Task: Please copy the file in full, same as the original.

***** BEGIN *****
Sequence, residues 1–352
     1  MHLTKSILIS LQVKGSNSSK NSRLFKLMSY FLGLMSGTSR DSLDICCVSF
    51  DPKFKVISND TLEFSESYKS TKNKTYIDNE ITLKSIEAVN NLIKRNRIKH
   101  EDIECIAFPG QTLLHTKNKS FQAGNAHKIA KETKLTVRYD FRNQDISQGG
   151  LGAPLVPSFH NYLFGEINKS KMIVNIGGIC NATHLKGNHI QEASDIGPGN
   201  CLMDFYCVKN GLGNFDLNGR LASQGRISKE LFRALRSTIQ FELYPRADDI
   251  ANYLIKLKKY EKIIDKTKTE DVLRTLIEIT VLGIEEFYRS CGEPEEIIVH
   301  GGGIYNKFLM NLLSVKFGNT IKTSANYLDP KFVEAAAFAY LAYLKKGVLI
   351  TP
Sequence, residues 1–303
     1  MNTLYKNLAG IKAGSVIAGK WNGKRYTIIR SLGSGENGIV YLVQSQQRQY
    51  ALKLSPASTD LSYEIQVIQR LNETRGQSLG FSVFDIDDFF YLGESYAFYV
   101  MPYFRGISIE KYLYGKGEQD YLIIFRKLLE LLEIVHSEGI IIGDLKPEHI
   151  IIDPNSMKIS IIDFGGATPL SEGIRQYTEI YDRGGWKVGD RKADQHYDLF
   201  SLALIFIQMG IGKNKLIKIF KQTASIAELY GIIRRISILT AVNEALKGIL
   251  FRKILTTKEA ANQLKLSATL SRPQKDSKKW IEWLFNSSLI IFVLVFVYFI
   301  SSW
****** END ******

Sequence, residues 1–352
     1  MHLTKSILIS LQVKGSNSSK NSRLFKLMSY FLGLMSGTSR DSLDICCVSF
    51  DPKFKVISND TLEFSESYKS TKNKTYIDNE ITLKSIEAVN NLIKRNRIKH
   101  EDIECIAFPG QTLLHTKNKS FQAGNAHKIA KETKLTVRYD FRNQDISQGG
   151  LGAPLVPSFH NYLFGEINKS KMIVNIGGIC NATHLKGNHI QEASDIGPGN
   201  CLMDFYCVKN GLGNFDLNGR LASQGRISKE LFRALRSTIQ FELYPRADDI
   251  ANYLIKLKKY EKIIDKTKTE DVLRTLIEIT VLGIEEFYRS CGEPEEIIVH
   301  GGGIYNKFLM NLLSVKFGNT IKTSANYLDP KFVEAAAFAY LAYLKKGVLI
   351  TP
Sequence, residues 1–303
     1  MNTLYKNLAG IKAGSVIAGK WNGKRYTIIR SLGSGENGIV YLVQSQQRQY
    51  ALKLSPASTD LSYEIQVIQR LNETRGQSLG FSVFDIDDFF YLGESYAFYV
   101  MPYFRGISIE KYLYGKGEQD YLIIFRKLLE LLEIVHSEGI IIGDLKPEHI
   151  IIDPNSMKIS IIDFGGATPL SEGIRQYTEI YDRGGWKVGD RKADQHYDLF
   201  SLALIFIQMG IGKNKLIKIF KQTASIAELY GIIRRISILT AVNEALKGIL
   251  FRKILTTKEA ANQLKLSATL SRPQKDSKKW IEWLFNSSLI IFVLVFVYFI
   301  SSW